Welcome to The Game Shelf!

After getting into the board game hobby at the end of 2014, we've decided to share our thoughts on the games we're collecting on our shelves. The collection has certainly expanded over 18 months and we've been making up for lost time!

Sometimes our opinions differ, so Amy will be posting reviews every other Tuesday and Fi will post on Thursdays. We hope you enjoy reading some of our opinions on board games - especially those for two players.

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Thursday, 15 June 2017

Thoughts from the Yellow Meeple:- Bärenpark

GameBärenpark

PublisherMayfair Games

DesignerPhil Walker-Harding

Year20
17

 
Bärenpark was a hotly anticipated game at this year's UK Games Expo, not just by me, but my many others who were disappointed to find the Mayfair only had a few copies being sold at a very inflated price. However there were some copies available with other retailers and we grabbed ourselves a copy early on Friday. I was excited because I'd seen some early reviews call this a Cottage Garden killer. Cottage Garden killed Patchwork for me and even made it onto my Top Ten Games list this year, so if Bärenpark was going to be even better then I was very interested.


Bärenpark is a tile laying game about building a bear park. There are four different types of bear; pandas, polar bears, brown bears and koalas (the classification of bear species is a little sketchy...), which in the basic game is purely thematic, but in the expert game can become more relevant to scoring. Tiles all come in different shapes and sizes and all except the basic green tiles have differing points values. Your goal is to score the most points for your park at the end of the game.

You begin the game with one area of park, on which there is a grid of squares. Some of the squares have pictures of construction vehicles. When you cover a construction vehicle you can take a tile from the supply that matches the type of vehicle you covered (or a less powerful tile if you choose to). When you cover the crowd of construction workers you can add a new empty zone to your park, allowing you to expand. Tiles cannot be used to cover the square surrounded by safety barriers, but when you cover all of the other squares on the tile, you can build a bear statue. Bear statues are worth a lot of points at the start of the game and if you get behind, then there can be a lot of point swing between you an other players as their values range from 1-16 points.

The set-up for an expert game.
In the basic game, the game is really about optimal tessellation of pieces and planning ahead so that you can efficiently incorporate some of the larger pieces with high point values. However, the expert variant adds some bonuses, which reward certain themes in your park. In a two-player game there are three bonuses available and there are points available for being the first to achieve each and also a lesser number of points available for achieving the goal second. For example, these might be goals like, build three panda enclosures or connect lots of basic green tiles. In the two player game there are enough tiles to go round so that you can both complete each objective, although you can deliberately take more as a blocking move. I can imagine that in a game with three or more players, these bonuses become very competitive as there simply aren't enough of each tile to allow everyone a chance to complete the objective.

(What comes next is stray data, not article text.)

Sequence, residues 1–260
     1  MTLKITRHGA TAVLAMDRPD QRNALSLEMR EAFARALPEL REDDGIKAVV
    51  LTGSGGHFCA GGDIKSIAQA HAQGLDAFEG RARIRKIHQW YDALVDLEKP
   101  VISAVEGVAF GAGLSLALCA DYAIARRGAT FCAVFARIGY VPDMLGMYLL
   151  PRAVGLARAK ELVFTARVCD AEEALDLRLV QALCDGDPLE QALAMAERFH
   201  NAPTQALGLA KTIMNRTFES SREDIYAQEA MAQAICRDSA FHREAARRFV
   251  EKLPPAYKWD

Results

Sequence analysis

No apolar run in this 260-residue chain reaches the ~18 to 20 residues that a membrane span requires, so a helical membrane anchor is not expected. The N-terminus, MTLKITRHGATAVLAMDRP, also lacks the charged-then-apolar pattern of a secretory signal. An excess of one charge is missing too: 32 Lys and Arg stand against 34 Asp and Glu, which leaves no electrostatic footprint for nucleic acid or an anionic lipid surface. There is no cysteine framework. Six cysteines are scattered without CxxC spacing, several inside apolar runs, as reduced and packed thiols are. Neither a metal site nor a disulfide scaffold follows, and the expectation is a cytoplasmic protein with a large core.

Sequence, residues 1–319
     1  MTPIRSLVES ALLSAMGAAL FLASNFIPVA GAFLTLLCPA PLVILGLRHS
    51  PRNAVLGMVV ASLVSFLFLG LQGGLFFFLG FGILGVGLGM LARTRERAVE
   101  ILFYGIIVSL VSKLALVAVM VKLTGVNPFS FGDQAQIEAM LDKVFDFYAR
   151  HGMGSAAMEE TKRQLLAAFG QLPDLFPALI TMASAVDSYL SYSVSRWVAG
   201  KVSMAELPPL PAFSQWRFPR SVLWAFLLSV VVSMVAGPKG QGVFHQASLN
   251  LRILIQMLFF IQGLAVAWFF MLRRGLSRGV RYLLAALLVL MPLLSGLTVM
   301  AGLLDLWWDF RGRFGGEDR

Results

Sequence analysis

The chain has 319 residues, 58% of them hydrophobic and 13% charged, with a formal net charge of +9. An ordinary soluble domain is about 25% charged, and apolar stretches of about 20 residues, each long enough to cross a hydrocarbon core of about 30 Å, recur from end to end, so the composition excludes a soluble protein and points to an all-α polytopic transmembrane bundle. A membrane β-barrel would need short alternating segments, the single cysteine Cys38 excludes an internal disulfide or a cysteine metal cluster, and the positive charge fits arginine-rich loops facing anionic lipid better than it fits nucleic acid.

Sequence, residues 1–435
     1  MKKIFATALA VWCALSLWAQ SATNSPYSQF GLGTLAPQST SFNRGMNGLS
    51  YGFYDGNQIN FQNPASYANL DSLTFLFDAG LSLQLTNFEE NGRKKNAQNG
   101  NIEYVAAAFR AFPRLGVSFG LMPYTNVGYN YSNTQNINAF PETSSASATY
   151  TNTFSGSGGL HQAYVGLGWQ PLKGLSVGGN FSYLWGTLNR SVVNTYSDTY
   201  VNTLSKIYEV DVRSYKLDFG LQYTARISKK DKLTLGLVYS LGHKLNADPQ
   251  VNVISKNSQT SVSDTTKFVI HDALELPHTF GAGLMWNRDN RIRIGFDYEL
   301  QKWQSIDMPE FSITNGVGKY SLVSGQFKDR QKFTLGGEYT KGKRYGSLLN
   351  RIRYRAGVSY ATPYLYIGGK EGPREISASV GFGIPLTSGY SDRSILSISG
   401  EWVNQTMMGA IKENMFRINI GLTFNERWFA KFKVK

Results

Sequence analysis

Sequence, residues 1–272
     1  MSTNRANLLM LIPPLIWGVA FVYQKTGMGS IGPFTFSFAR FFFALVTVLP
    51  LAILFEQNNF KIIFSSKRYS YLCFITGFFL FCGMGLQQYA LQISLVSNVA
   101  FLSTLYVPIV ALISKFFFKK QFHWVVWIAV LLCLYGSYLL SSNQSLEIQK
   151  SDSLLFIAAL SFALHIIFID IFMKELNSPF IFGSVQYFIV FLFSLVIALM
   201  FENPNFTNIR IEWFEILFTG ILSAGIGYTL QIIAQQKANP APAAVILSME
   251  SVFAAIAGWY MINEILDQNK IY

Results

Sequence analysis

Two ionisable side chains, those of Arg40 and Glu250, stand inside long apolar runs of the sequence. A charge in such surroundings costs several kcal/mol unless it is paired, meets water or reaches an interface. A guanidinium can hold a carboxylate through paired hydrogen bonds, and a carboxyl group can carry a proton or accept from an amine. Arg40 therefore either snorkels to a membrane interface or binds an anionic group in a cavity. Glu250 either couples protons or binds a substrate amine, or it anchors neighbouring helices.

Halfway through a game. The bonus tile for connecting6 light green tiles has been acquired, but this means a lot of space is taken up by tiles that don't score end game points.
We do have a few concerns with the game. Firstly, for such a simple game I feel there are some holes in the rulebook, particularly whether you have to build a square 2x2 park or whether you can build a line or L-shape park. There is also a discrepancy between the board and the rule book in terms of how many tiles are placed out in the 4 basic light green tile types. I can't write this review without also mentioning the ridiculous insert! Three leftover pieces of punch-board which when placed in the box as suggested doesn't even make a space that can fit the 4 starting park tiles, is not a useful component! 

Our other concern is with balance in the basic game. With two players, we have found that the first player always wins, because they are always the first to achieve the bear statue on each park tile, which is a 4-point swing every time a statue is built. With three players we found this less of a problem and the expert variant also seemed to eradicate the problem because your focus was taken away from just building bear statues and was diverted towards the different opportunities for bonus points.

For us, Bärenpark is a medium length filler game. With both two and three players it has taken us no more than 20-30 minutes, a bit shorter than it says on the box. The game is very simple and I think I could teach it to anyone, including non-gamers, but you do have to think quite tactically and plan ahead with good spatial reasoning to secure a win in what can be a very tight game in terms of point scores. There a now quite a few of these 'Tetris-style' tile laying games on the market, but they do all operate differently because of the different ways that you obtain tiles and the different scoring methods. I think  Bärenpark has enough unique aspects to sit alongside Cottage Garden in our collection. It's noting spectacular, but it's a game I enjoy quite a bit, especially with the expert variant, and the Yellow Meeple gives Bärenpark a 6.5/10.

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